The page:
Residents at Timeabu in the Ejisu-Juabeng Municipality of the Ashanti Region have been hit with an acute water crisis as result of illegal mining activities in the area.
The only source of drinking water, ‘Banko’ Stream, has been polluted while the two bore-holes in the community are also faulty.
The two boreholes, when they are functioning, pump contaminated water through the pipes, and due to this residents are unable to depend on this water source.
For the timely government clampdown on illegal mining, the situation would have been worse.
The pollution of the ‘Banko’ stream will impede the attainment of Sustainable Development Goal (SDG) Six by Timeabu and other surrounding communities.
The SDG-6 prescribes safe and affordable water supply for all by 2030.
The once clean water from the stream has now turned brown and clayey, compound the suffering of the already deprived residents.
Children have had to travel long distances to access small amounts of clean water for domestic use.
The source of their plight is a small town at Asisirewa in the Bosomtwe District, where illegal mining popularly called ‘galamsey’ was once rife. These days, however, illegal mining activities have died down but not totally stopped.
“We don’t get potable water to drink and bath, when we use this [polluted water] we get a different kind of reactions on our bodies. It is affecting us. You should find ways to retreat the water for us,” Kwasi Kusi, a resident said.
He is worried because although he is poor he has to use the little money that trickles into his pocket to buy pure water to drink and bath. Many residents can relate to Kwasi’s challenge.
Economic activities, especially, farming is also under threat as people lose their source of livelihoods.
Fifty-seven-year-old Cosmos Boamah Darko is a farmer who fears his occupation is no longer secured and food shortage looms.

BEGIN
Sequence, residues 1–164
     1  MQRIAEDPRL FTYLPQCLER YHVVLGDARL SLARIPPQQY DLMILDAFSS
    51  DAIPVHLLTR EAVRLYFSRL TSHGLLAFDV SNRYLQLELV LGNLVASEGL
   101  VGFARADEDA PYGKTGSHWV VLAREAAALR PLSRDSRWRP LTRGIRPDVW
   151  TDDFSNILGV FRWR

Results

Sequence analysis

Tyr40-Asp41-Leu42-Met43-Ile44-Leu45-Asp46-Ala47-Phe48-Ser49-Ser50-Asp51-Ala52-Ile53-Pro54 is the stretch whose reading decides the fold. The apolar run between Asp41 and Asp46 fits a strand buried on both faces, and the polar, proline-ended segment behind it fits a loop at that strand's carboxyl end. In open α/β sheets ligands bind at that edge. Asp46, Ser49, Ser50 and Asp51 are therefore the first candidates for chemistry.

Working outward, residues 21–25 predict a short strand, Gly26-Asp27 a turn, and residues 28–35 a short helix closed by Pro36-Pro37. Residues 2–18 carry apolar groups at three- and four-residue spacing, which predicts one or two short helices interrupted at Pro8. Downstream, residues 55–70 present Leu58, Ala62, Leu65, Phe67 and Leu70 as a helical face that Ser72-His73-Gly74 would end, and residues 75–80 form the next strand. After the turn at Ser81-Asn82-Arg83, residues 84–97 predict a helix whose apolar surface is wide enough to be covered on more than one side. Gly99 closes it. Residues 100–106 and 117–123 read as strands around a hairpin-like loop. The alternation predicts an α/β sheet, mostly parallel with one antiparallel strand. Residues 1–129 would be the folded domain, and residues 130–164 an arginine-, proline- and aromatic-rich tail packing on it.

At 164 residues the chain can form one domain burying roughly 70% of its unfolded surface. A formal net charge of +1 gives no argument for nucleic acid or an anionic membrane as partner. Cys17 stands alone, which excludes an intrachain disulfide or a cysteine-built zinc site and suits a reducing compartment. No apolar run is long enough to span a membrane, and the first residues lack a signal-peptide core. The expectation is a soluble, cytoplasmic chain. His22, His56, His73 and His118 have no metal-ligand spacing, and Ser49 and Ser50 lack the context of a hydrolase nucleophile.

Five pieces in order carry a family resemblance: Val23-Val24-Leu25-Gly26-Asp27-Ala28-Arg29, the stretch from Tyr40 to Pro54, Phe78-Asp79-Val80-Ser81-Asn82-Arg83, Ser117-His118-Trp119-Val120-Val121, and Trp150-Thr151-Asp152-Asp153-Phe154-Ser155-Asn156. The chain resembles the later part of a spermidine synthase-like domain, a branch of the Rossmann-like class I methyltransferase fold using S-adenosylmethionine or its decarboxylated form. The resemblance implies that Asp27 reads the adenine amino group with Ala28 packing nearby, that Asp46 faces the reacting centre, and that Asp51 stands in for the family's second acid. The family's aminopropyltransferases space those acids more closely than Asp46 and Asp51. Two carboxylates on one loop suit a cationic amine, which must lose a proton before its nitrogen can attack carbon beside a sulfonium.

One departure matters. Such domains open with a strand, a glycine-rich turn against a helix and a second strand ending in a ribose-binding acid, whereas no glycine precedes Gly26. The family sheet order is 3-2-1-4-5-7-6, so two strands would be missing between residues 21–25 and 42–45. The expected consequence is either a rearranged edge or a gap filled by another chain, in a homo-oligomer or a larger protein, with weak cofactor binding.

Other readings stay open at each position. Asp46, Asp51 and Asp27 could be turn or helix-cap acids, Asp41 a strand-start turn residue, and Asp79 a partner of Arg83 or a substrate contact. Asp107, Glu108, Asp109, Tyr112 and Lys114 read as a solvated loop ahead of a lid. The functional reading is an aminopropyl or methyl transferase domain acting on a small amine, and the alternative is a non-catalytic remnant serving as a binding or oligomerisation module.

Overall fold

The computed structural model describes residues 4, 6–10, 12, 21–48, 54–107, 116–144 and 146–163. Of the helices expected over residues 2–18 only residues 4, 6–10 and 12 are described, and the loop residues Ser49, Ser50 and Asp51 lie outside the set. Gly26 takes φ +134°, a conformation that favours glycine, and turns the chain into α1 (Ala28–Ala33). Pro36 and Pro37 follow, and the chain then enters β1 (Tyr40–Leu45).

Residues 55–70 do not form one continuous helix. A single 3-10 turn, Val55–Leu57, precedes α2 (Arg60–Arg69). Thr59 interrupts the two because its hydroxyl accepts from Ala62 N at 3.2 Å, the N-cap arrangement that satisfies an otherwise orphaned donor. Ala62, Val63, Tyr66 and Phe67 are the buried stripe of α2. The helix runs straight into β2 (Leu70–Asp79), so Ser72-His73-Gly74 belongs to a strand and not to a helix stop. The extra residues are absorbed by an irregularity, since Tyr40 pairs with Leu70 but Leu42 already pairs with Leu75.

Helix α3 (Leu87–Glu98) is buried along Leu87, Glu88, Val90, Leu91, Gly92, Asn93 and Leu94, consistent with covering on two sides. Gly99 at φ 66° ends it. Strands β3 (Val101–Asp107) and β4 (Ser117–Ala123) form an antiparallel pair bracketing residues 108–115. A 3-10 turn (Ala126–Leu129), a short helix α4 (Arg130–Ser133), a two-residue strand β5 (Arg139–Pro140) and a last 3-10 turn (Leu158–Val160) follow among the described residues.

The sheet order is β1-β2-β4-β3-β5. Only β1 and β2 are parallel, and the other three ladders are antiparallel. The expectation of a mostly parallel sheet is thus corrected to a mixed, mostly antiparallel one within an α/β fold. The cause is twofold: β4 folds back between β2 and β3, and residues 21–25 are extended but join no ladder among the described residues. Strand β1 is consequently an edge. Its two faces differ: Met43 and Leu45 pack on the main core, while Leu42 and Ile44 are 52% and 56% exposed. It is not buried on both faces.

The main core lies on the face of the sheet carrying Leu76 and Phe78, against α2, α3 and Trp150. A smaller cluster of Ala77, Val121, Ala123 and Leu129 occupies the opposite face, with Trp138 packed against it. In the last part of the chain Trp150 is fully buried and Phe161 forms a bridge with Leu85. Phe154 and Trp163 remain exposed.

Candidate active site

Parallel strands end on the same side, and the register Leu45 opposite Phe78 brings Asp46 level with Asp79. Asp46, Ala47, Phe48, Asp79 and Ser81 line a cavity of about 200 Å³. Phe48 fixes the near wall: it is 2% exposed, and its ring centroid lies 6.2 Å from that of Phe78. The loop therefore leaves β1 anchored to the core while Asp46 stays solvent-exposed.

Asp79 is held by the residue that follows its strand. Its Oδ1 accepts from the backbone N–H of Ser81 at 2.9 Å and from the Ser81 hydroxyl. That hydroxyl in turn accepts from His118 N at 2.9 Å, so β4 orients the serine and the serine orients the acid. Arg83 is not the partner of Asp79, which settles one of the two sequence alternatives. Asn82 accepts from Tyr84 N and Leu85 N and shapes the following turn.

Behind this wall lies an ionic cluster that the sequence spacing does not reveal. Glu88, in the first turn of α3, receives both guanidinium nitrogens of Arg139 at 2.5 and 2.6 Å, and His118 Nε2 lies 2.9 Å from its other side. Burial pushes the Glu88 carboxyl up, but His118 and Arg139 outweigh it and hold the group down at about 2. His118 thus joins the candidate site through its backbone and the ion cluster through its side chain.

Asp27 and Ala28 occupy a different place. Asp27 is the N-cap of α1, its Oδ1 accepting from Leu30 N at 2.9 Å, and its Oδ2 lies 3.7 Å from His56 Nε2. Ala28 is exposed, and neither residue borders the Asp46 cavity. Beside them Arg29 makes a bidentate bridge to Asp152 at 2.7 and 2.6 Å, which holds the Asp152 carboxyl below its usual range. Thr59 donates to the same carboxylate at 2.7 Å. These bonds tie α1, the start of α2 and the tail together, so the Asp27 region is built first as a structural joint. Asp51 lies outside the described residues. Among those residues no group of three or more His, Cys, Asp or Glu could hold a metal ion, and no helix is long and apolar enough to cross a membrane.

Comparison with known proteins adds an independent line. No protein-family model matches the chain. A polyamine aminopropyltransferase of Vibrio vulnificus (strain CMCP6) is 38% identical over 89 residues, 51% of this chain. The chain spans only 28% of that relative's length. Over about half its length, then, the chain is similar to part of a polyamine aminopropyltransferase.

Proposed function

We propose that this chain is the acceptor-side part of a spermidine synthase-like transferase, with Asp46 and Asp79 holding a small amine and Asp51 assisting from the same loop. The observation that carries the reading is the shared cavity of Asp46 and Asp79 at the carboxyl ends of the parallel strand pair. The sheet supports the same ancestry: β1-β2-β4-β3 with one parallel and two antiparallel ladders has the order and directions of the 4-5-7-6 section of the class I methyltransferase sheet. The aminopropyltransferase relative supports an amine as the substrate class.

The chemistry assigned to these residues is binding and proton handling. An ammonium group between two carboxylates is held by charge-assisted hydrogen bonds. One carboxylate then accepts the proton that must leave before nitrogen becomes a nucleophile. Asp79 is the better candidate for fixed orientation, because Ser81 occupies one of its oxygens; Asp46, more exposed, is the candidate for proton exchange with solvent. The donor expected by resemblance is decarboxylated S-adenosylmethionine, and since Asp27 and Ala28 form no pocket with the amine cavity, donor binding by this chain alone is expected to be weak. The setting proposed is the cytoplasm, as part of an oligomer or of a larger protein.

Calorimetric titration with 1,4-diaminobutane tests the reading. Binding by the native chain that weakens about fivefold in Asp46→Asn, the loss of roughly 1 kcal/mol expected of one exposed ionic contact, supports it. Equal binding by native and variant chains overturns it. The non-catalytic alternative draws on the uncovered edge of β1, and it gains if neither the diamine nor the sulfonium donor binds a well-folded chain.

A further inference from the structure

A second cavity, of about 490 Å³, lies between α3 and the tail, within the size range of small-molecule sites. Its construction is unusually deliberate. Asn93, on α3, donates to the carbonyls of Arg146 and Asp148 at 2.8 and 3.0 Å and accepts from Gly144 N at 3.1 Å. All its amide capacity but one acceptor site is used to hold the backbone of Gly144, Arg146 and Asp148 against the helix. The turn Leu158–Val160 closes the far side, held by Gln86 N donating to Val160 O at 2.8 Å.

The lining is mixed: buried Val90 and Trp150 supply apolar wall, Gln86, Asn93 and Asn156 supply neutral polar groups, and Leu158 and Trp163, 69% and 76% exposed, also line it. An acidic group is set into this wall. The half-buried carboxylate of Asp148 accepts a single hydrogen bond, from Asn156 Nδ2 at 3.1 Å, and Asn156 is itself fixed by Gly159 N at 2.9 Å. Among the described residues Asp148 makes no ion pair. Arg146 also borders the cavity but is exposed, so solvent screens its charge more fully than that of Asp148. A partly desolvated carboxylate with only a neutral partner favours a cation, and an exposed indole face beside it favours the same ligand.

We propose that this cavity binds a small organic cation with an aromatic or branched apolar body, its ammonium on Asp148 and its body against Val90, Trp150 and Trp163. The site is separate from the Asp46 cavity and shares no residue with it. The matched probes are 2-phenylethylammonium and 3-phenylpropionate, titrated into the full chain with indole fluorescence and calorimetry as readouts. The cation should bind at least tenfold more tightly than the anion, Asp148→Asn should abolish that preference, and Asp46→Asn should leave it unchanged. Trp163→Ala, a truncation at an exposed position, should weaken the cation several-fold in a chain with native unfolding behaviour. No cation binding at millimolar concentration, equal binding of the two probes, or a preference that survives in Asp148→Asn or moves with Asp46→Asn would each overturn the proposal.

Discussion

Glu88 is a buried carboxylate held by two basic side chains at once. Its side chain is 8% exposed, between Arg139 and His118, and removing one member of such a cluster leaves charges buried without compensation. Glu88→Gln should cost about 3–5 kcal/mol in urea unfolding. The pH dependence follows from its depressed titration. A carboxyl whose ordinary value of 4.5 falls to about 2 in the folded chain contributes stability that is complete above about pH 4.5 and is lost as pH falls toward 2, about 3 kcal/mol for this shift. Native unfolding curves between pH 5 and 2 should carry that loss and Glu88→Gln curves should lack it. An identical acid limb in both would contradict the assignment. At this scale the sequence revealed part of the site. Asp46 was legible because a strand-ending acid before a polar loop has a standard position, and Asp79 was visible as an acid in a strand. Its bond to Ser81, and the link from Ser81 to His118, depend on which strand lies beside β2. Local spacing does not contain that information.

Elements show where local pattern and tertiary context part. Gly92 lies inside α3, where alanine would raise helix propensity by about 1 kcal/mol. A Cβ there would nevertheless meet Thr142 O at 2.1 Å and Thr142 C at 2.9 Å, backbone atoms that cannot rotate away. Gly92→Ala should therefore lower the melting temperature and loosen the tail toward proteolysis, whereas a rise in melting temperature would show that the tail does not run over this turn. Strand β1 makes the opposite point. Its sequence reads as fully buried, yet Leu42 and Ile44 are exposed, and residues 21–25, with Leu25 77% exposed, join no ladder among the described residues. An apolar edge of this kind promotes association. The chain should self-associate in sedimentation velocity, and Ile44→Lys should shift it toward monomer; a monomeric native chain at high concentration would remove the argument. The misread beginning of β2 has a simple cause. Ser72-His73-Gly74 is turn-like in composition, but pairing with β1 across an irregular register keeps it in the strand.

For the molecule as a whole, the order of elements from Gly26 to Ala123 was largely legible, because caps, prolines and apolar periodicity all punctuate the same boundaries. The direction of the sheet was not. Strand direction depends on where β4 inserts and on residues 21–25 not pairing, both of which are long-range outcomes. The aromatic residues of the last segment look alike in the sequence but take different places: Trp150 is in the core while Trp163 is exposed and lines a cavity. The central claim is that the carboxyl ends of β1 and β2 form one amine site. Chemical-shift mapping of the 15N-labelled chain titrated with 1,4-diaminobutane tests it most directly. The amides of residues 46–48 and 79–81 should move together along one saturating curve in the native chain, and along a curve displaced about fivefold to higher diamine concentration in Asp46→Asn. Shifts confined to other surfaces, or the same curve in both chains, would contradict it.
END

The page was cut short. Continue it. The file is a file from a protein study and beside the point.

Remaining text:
“Illegal mining is wasting our water, wasting our time and wasting our land. Some time to come we will not have water to drink,” he laments.
A 2016 test conducted on the ‘Banko’ stream, by the Kwame Nkrumah University of Science and Technology (KNUST) LAB revealed the water contained 110,000 milligrams per litre of micro-bacteria (faecal matter).
This falls way below the World Health Organisation standard for zero amount faecal matter to make it suitable for consumption.
At a sensitisation workshop in Kumasi in May this year, Chief Executive Officer of Community Water and Sanitation Agency (CWSA), Worlanyo Kwaadwo Siabi, reveals almost every region in Ghana has a problem with water quality because the majority of people use substantially ground water sources.
“We have problems with iron and manganese and fluoride in water. In the Ashanti Region, we have almost 33 per cent of that. Virtually 33 per cent of all the systems that are provided have problems with iron and manganese and so must be treated,” he said.
According to him, the issue of arsenic is another emerging problem. Mr. Siabi observes arsenic pollution is on the increase.
“Scientists have related it to cancer and other serious health problems which measures are being put in place to address,” he said.
Mr. Siabi, however, revealed the agency is embarking on structural policy reforms on water and sanitation to address these challenges in the bid to provide safe water.